And so cheap, so cheap, so cheap.

Santa Carolina. It’s the largest family of wines you’ll find at Canada’s largest liquor store, conveniently…or perhaps that’s inconveniently…located just two blocks from Don Day’s Toronto home. It’s also the largest family of wines you’ll find at La Europea, my liquor store of choice in San Miguel de Allende.


Why is Santa Carolina so successful? Well, yes, smart marketing has something to do with it. But so does smart winemaking. If you were to ask me what two words you should look for if you consistently want good taste and good value in wine, the first would be Santa, the second begins with a C (and it’s not Claus).


It started in Chile a long, long time ago, with a guy who, just like Don Day, had a love of wine. The Santa Carolina website calls him a “spirited business visionary”. He appears to have had the two things almost all people who get in the wine business have, a fondness for the grape and very deep pockets. Back in 1875, Senor Luis Pereyra Cotapos decided to get involved in the overly ambitious project of winemaking in Chile, a country that had very little history of employing sophisticated methods of growing grapes. He chose the name Santa Carolina as a tribute to his wife, Senora Carolina Iñiguez Vicuña. As to her attributes being worthy of the saintly segment of the name, I can only speculate. But if she tolerated a guy who drank a bottle of wine almost every night of his life, she did, like Don Day’s Wife, have some saintly qualities.

Senor Cotopos then invited Germain Bachelet, one of France’s foremost oenologists, along with two other winemakers and their families to move to Chile. They chose and imported the very best grapevines from Bordeaux. Cabernet Sauvignon, Merlot, Sauvignon Blanc, and Chardonnay were all planted in the rich farmlands of the Central Valley of Chile.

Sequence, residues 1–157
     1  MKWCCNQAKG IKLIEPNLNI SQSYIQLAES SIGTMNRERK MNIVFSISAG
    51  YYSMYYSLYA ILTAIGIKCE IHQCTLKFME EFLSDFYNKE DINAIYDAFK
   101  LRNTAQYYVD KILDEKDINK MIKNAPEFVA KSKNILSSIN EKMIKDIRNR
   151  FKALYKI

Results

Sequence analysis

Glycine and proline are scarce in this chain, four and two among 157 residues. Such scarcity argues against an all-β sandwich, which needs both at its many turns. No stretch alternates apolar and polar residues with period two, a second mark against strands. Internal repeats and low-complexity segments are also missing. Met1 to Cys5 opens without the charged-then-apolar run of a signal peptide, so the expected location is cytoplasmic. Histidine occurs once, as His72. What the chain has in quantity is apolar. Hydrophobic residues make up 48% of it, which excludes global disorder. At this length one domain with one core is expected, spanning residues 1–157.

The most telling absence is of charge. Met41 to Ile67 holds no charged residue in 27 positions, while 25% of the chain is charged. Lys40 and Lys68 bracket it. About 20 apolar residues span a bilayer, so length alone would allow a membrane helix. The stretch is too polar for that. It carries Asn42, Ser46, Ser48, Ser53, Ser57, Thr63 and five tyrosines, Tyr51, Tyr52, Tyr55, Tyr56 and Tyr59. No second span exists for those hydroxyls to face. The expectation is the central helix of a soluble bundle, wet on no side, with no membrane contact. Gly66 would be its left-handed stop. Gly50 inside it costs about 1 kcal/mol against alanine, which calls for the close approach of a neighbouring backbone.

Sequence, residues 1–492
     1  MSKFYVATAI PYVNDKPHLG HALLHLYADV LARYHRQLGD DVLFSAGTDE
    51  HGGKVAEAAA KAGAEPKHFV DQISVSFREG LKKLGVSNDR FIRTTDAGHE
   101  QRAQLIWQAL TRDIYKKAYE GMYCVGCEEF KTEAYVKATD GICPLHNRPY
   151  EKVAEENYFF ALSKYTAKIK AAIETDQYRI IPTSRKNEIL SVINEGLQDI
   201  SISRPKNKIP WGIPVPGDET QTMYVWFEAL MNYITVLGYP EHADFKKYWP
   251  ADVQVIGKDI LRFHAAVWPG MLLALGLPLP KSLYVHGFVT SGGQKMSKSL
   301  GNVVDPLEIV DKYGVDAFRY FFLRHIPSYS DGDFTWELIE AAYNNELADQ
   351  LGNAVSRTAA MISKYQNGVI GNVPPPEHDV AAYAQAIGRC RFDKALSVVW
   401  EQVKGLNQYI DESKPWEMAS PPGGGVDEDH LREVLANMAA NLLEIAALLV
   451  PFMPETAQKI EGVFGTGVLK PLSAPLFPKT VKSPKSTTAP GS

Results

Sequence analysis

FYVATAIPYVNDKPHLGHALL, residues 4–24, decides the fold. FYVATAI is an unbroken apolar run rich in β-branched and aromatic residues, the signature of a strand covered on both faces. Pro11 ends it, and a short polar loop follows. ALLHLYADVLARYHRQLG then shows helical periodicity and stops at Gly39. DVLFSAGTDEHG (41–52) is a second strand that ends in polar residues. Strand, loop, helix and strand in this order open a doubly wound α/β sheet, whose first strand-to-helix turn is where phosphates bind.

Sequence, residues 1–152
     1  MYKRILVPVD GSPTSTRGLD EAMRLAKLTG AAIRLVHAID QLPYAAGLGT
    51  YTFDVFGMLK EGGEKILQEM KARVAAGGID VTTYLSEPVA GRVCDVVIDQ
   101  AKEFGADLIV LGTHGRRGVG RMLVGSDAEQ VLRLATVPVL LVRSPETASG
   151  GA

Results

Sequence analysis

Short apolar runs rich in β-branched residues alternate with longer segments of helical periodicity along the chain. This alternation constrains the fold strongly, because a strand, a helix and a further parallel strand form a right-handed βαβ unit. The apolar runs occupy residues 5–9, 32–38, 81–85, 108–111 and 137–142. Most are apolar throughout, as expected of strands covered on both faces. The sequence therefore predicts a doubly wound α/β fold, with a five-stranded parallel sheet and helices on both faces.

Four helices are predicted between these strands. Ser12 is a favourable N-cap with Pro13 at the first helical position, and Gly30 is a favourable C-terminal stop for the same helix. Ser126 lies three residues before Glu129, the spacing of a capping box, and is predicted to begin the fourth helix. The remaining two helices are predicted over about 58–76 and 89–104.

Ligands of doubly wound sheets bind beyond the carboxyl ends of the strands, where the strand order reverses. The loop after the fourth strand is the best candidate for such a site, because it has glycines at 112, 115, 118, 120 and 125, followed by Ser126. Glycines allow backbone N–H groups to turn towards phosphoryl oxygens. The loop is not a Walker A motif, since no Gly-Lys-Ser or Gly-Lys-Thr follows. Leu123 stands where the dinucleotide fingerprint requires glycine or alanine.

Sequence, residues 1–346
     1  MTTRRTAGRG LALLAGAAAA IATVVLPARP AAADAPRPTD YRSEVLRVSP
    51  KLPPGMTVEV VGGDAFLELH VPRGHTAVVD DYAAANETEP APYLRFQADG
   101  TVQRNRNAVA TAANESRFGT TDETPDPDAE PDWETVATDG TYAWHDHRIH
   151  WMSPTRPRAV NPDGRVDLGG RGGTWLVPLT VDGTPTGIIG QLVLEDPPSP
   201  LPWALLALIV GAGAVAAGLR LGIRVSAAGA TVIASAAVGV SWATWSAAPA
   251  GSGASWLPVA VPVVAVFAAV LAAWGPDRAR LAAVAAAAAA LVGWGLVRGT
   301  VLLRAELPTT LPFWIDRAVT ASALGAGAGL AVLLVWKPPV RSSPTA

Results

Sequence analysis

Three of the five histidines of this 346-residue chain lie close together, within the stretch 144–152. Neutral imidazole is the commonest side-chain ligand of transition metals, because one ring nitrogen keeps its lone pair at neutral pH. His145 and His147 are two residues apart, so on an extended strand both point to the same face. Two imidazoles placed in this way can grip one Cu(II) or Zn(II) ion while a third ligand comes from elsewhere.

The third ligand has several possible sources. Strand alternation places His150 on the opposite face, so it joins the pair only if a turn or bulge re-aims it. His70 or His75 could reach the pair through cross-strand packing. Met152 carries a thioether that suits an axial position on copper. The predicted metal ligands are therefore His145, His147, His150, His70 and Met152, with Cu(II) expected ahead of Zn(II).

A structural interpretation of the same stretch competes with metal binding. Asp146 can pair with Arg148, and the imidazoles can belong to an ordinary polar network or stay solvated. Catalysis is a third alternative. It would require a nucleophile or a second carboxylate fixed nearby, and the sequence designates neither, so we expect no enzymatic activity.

At the same time, French architect Emile Doyeré was brought over to design and oversee the construction of the winery and a warehouse that would provide optimal conditions for the French oak barrels that were to be stored there.


The warehouse remains intact and functional today; and it was declared a National Monument in 1973 for its architectural beauty. It is also the only remaining industrial building in Chile that was constructed using the technique of binding bricks with a mortar using lime and egg whites.

Lime and egg whites. All I could think of was how many meringues were sacrificed for that mortar.

A lot of things have changed since those days. Including ownership of Santa Carolina. But one thing remains the same. Very good wine. Produced by very economic methods. That earns Santa Carolina the title of what I think is the very best value family of wines available.


Don Day’s wine cupboard had the Old Mother Hubbard look. It was time for a major restock. So off I went a couple of weeks ago to La Europea. I came home with two cases of wine. Seven of the bottles had Santa Carolina logos on them. Here are my notes on each of them.

Santa Carolina Chardonnay Reserva 2013

The cooling fogs from the ocean do wonderful things to the Chardonnay grapes in Chile’s Casablanca Valley.

This lightly oaked white is packed with flavors. I tasted caramel, honey, orange, butterscotch and peaches.

Outside of Mexico this wine is, for some reason, priced about 50% higher than it is here. At La Europea, it costs just 81 pesos making it possibly the best value white wine anywhere in the store. I can’t think of a better partner for poultry.